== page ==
(a) the land is disposed of to an owner of adjoining land (in this paragraph called “the transferee”) and — 

(i)   its market value is less than $5 000; and

(ii)  the local government does not consider that ownership of the land would be of significant benefit to anyone other than the transferee;

(b) the land is disposed of to a body, whether incorporated or not — 

(i)   the objects of which are of a charitable, benevolent, religious, cultural, educational, recreational, sporting or other like nature; and

(ii)  the members of which are not entitled or permitted to receive any pecuniary profit from the body’s transactions;

(c) the land is disposed of to — 

(i)   the Crown in right of the State or the Commonwealth;

(ii)  a department, agency, or instrumentality of the Crown in right of the State or the Commonwealth; or

(iii) another local government or a regional local government;

(d) it is the leasing of land to an employee of the local government for use as the employee’s residence;

(e) it is the leasing of land for a period of less than 2 years during all or any of which time the lease does not give the lessee the exclusive use of the land;

(f)  it is the leasing of land to a “medical practitioner” (as defined in section 3 of the Medical Act 1894) to be used for carrying on his or her medical practice; or

(g) it is the leasing of residential property to a person.

(2a)  A disposition of property is an exempt disposition if the property is disposed of within 6 months after it has been —

(a) put out to the highest bidder at public auction, in accordance with section 3.58(2)(a) of the Act, but either no bid is made, or any bid made does not reach a reserve price fixed by the local government;

(b) the subject of a public tender process called by the local government, in accordance with section 3.58(2)(b) of the Act, but either no tender is received, or any tender received is unacceptable; or

(c) the subject of Statewide public notice under section 3.59(4), and if the business plan referred to in that notice described the property concerned and gave details of the proposed disposition including —

(i)   the names of all other parties concerned;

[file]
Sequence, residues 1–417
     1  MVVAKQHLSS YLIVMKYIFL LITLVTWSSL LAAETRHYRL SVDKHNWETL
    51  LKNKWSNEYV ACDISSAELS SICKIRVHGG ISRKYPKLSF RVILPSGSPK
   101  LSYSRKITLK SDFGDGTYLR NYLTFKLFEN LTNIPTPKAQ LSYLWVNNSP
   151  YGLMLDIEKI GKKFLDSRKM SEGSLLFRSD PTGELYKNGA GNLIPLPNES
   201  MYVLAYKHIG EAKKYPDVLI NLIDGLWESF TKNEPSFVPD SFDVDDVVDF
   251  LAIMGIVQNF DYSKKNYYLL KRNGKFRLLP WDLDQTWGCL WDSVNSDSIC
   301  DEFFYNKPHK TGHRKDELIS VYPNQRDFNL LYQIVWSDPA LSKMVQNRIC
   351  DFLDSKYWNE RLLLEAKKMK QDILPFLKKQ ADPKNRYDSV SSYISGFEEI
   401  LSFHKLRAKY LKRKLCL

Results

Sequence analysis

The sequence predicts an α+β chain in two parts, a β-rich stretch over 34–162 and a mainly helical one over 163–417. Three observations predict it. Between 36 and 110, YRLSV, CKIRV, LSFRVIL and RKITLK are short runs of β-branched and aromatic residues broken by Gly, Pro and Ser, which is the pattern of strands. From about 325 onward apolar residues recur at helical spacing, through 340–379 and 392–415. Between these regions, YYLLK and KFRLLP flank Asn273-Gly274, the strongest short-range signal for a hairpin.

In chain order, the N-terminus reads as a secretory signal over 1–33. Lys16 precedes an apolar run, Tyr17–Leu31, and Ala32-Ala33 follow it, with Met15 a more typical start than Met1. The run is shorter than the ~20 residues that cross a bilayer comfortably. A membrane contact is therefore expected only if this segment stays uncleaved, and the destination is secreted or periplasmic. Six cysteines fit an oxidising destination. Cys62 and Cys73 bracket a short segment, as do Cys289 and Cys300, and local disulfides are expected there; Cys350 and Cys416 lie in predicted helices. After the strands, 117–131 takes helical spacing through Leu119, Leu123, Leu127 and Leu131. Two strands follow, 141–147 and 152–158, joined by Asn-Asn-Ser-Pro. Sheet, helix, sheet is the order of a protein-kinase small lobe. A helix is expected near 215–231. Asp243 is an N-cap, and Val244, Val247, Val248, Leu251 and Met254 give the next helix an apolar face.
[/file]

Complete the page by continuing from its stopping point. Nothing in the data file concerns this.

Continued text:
(ii)  the consideration to be received by the local government for the disposition; and

(iii) the market value of the disposition as ascertained by a valuation carried out not more than 12 months before the proposed disposition.

(2b)  Details (see section 3.58(4) of the Act) of a disposition of property under sub regulation (2a) must be made available for public inspection for at least 12 months from the initial auction or tender, as the case requires.

(3)     A disposition of property other than land is an exempt disposition if — 

(a) its market value is less than $20 000; or

(b) it is disposed of as part of the consideration for other property that the local government is acquiring for a consideration the total value of which is not more, or worth more, than $50 000.

               [Regulation 30 amended in Gazette 25 Feb 2000 p. 974‑5; 28 Apr 2000 p. 2041; 31 Mar 2005 p. 1055‑6.]

 

POLICY IMPLICATIONS

 

Nil

 

FINANCIAL IMPLICATIONS

 

Description

Expenses

Income

Net Annual Rent*

 

$162,807.30

Outgoings

$117,583.05

$117,583.05

Lease Fees

$2,500.00

$2,500.00

Total

$120,083.05

$282,890.35

Net Position to The Shire

 

+ $162,807.30

 

*Based on $270psqm per annum

 

RISK

 

Should the Shire not proceed with the lease they would loose rental income and would have to the absorb the outgoings of a vacant tenancy.

 

Proceeding with the lease represents a low risk as they have proven to be reliable tenants of the Shire of Broome since 2008.

 

STRATEGIC IMPLICATIONS  

 

Our People Goal – Foster a community environment that is accessible, affordable, inclusive, healthy and safe:

 

Affordable services and initiatives to satisfy community need

 

Accessible and safe community spaces

 

A healthy and safe environment

 

Our Place Goal – Help to protect the nature and built environment and cultural heritage of Broome whilst recognising the unique sense of the place:

 

Realistic and sustainable land use strategies for the Shire within state and national frameworks and in consultation with the community

 

Core asset management to optimise Shire’s infrastructure whilst minimising life cycle costs.

 

Council is able to mobilise resources to deliver municipal service to indigenous communities that are compliant, effective and within Council’s capacity.

 

Our Prosperity Goal – Create the means to enable local jobs creation and lifestyle affordability for the current and future population:

 

Affordable and equitable services and infrastructure

 

Affordable land for residential, industrial, commercial and community use